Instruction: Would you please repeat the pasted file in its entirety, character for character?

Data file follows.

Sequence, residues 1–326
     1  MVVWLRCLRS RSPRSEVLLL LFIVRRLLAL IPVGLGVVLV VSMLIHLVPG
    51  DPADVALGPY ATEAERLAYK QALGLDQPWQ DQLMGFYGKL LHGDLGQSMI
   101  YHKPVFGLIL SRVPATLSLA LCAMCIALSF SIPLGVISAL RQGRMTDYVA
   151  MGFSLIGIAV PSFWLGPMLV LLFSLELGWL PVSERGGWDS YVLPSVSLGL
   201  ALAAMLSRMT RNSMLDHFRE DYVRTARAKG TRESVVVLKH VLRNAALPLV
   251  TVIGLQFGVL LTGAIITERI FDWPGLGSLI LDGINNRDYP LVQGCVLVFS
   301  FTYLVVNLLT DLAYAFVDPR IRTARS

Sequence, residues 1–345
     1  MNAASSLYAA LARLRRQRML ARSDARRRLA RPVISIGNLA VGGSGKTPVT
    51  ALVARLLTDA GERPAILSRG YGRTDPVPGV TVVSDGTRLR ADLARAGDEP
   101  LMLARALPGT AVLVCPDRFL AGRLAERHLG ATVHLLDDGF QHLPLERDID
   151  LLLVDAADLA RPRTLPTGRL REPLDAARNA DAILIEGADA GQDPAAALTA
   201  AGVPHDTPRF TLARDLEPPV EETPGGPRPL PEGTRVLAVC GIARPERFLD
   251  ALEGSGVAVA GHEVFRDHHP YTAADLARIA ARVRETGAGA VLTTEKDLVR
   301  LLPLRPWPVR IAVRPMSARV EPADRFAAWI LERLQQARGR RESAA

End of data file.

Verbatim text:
Sequence, residues 1–326
     1  MVVWLRCLRS RSPRSEVLLL LFIVRRLLAL IPVGLGVVLV VSMLIHLVPG
    51  DPADVALGPY ATEAERLAYK QALGLDQPWQ DQLMGFYGKL LHGDLGQSMI
   101  YHKPVFGLIL SRVPATLSLA LCAMCIALSF SIPLGVISAL RQGRMTDYVA
   151  MGFSLIGIAV PSFWLGPMLV LLFSLELGWL PVSERGGWDS YVLPSVSLGL
   201  ALAAMLSRMT RNSMLDHFRE DYVRTARAKG TRESVVVLKH VLRNAALPLV
   251  TVIGLQFGVL LTGAIITERI FDWPGLGSLI LDGINNRDYP LVQGCVLVFS
   301  FTYLVVNLLT DLAYAFVDPR IRTARS

Sequence, residues 1–345
     1  MNAASSLYAA LARLRRQRML ARSDARRRLA RPVISIGNLA VGGSGKTPVT
    51  ALVARLLTDA GERPAILSRG YGRTDPVPGV TVVSDGTRLR ADLARAGDEP
   101  LMLARALPGT AVLVCPDRFL AGRLAERHLG ATVHLLDDGF QHLPLERDID
   151  LLLVDAADLA RPRTLPTGRL REPLDAARNA DAILIEGADA GQDPAAALTA
   201  AGVPHDTPRF TLARDLEPPV EETPGGPRPL PEGTRVLAVC GIARPERFLD
   251  ALEGSGVAVA GHEVFRDHHP YTAADLARIA ARVRETGAGA VLTTEKDLVR
   301  LLPLRPWPVR IAVRPMSARV EPADRFAAWI LERLQQARGR RESAA